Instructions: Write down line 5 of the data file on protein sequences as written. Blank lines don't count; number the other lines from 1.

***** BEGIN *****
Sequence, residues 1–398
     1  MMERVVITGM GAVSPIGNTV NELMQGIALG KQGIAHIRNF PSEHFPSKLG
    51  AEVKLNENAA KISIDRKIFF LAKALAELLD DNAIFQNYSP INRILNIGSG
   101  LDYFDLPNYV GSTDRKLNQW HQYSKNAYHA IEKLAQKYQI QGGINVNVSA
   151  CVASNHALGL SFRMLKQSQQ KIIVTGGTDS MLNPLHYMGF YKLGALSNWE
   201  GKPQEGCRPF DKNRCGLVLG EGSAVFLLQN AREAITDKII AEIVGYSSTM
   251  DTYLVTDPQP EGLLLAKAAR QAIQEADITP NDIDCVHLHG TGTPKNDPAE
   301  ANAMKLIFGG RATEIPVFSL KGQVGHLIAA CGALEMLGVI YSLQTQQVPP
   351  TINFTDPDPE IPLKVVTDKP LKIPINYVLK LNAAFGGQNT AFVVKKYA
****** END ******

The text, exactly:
   151  CVASNHALGL SFRMLKQSQQ KIIVTGGTDS MLNPLHYMGF YKLGALSNWE